Threat to UK tech ambition: Aveva deal is an important test case for the National Security & Investment Act, says ALEX BRUMMER
The level of publicly declared opposition to the effort by French giant Schneider to buy out the minority shareholders in the UK software innovator Aveva is unusual.
In spite of owning 59 per cent of the stock, Schneider, advised by Citi, has struggled to get an offer which values Aveva at just under £10billion over the line.
The French company recognised early on the value of the Cambridge-developed manufacturing software written by Aveva and injected some of its own technology into the business and supported the takeover by Aveva of US competitor Osisoft.
Thwarted: In spite of owning 59% of the stock, Schneider, advised by Citi, has struggled to get an offer which values Aveva at just under £10bn over the line
There is an enormous difference between being a free-standing FTSE 100 company, with an independent board and governance, and being the fully owned subsidiary of a French electrical conglomerate Aveva operates an open architecture for its software (similarly to Arm Holdings) and the offer document indicates that this, and continued investment in R&D, will continue.
We live, however, in turbulent times and such commitments during a global downturn are hard to enforce.
Schneider may have effective control of Aveva but it is not in command. All the evidence suggests that however critical an overseas offshoot of a foreign-owned company may be, when push comes to shove and costs have to be shaved a British subsidiary is going to be more vulnerable to cuts than the domestic company.
This is especially true of France which has put up such high protectionist barriers around its own key industries.
At a time when Chancellor Jeremy Hunt is touting Britain as the ‘world’s next Silicon Valley’, it is hard to see that happening when the UK so easily disposes of its crown jewels.
Again, this is especially true for Aveva, in that its software could be vital in driving the renewables agenda at home and overseas.
A government which kicked Huawei off sensitive parts of the telecoms network and is seeking to unwind the takeover of Newport Wafer Fab by a Chinese-controlled entity should not feel comfortable about the technology transfer that could occur under the new ownership structure.
It used to be the case that when shareholders have spoken there is no turning back. This is no longer true. In spite of undertakings made by US satellite firm Viasat not to defenestrate its British rival Inmarsat, the deal has ended up with a Competition & Markets Authority probe.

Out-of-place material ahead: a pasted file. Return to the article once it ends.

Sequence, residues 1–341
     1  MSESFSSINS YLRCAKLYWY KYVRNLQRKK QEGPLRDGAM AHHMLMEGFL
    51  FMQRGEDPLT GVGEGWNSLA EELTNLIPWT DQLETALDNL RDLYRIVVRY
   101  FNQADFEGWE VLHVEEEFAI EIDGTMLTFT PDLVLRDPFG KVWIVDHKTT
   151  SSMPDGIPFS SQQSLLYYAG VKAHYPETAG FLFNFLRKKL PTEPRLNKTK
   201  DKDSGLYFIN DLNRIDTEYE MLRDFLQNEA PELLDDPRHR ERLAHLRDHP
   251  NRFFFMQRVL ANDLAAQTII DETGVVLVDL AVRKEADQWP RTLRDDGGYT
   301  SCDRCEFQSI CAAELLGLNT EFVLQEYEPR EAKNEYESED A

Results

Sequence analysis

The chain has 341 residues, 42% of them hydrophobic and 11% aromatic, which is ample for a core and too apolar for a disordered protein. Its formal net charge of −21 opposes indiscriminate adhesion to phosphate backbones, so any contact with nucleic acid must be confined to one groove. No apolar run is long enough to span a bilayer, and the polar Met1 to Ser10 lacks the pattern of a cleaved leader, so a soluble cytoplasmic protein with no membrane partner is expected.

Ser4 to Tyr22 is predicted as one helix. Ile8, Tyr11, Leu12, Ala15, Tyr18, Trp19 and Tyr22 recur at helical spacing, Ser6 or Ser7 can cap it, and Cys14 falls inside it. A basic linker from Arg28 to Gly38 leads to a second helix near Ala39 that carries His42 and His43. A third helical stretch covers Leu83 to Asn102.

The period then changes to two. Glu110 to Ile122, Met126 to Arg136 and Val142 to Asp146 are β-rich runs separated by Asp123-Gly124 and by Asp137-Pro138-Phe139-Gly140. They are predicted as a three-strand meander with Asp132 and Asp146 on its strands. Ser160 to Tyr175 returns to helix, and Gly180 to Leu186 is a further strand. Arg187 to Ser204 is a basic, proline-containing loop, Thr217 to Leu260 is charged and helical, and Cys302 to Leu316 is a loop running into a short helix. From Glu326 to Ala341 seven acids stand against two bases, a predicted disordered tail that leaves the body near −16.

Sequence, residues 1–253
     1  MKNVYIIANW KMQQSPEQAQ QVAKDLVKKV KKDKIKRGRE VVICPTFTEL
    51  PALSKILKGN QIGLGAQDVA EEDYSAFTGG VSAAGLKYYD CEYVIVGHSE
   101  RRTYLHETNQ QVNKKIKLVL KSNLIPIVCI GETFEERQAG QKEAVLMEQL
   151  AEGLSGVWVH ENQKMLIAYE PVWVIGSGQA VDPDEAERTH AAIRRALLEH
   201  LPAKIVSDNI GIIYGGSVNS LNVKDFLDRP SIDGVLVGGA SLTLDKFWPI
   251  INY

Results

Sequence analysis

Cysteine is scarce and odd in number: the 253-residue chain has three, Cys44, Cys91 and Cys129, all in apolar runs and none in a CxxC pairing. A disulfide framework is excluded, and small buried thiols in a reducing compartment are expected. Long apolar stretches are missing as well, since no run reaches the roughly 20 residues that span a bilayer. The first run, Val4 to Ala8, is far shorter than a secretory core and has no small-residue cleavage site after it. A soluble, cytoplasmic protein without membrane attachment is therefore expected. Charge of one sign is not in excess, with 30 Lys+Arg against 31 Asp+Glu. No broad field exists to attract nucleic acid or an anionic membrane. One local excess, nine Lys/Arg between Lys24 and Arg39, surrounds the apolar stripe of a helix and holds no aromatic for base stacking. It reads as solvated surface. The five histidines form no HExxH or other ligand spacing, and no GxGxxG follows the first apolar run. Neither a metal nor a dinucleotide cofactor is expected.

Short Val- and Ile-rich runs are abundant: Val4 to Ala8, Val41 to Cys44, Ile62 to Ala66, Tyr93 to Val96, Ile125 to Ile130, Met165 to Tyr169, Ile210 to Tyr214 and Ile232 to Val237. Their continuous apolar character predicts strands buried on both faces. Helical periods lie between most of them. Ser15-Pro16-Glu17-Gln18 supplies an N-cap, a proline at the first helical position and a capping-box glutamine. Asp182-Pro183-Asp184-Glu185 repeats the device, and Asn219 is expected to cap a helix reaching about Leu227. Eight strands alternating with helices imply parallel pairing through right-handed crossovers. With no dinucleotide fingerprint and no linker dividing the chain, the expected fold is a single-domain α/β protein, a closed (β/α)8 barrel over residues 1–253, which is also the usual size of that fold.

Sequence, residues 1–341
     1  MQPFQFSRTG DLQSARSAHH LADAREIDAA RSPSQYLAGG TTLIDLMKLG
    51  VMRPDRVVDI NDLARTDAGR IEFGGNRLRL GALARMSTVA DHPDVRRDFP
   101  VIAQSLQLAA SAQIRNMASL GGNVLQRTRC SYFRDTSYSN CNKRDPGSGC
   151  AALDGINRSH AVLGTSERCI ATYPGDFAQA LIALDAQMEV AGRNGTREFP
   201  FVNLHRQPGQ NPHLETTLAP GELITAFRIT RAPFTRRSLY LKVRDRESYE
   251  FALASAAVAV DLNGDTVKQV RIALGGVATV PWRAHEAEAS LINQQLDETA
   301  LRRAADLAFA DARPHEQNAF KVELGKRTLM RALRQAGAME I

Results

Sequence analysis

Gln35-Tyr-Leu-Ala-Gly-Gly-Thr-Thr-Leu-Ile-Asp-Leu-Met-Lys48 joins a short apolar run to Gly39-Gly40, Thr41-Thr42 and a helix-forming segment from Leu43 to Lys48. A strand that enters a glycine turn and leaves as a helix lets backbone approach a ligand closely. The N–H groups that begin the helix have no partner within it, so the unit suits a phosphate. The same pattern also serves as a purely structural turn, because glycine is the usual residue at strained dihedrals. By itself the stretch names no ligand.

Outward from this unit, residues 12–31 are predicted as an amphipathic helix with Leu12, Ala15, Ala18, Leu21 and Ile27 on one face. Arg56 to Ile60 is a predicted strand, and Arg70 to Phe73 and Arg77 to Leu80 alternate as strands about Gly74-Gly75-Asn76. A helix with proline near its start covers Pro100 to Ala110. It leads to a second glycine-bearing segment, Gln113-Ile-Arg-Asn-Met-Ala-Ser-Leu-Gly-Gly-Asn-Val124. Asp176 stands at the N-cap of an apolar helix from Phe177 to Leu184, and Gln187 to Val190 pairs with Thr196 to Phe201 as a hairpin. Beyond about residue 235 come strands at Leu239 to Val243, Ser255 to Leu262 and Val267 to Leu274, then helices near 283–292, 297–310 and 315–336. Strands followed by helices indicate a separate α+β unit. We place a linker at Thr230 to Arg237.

Intervention came too late to save a raft of mid-ranking innovative UK companies, including Cobham and Ultra Electronics, from thorough scrutiny.
Aveva is an important test case for the National Security & Investment Act. It should not be seen as a ‘tidy-up’ by Schneider and allowed to sneak under the radar.
A good example of Anglo-French cohabitation is do-it-yourself champions Kingfisher. The owner of B&Q and Screwfix in the UK and Castorama and Brico across the channel is a retailer for all seasons.
In the pandemic it was embraced by the WFH masses. Chinese-schooled chief executive Thierry Garnier was quick to embrace online.
After a post-Covid dip, it is benefiting from the energy fallout of war in Ukraine. Loft insulation sales are up 108 per cent year-on-year and Screwfix is doing a roaring trade in thermostatic radiator valves, anticipating the Chancellor’s effort to get people to slash energy bills by 15 per cent.
After the Covid boom Kingfisher shares have taken a beating and the upper end of the 2022 profit forecast has been trimmed to £760million from £770million. This is down from pandemic peak profits of close to £1billion.
There is plenty of life yet in DIY and France is the next stop for Screwfix.
Out of the blue, an unsolicited email from Schroders arrives, extolling the virtues of the UK Public Private Trust.
With the share price at 15.3p, the shares are selling at a chunky 50.5 per cent discount to asset value. As a holder, I would love to see the discount closed.
But I cannot erase my disgust that in its previous incarnation – as Woodford Patient Capital – the trust was stuffed by Neil Woodford with holdings from his now-liquidated main Equity Income fund as he desperately sought to conform to regulatory requirements.
More than three years on, the Financial Conduct Authority has still to tell us what went wrong and who should take the blame.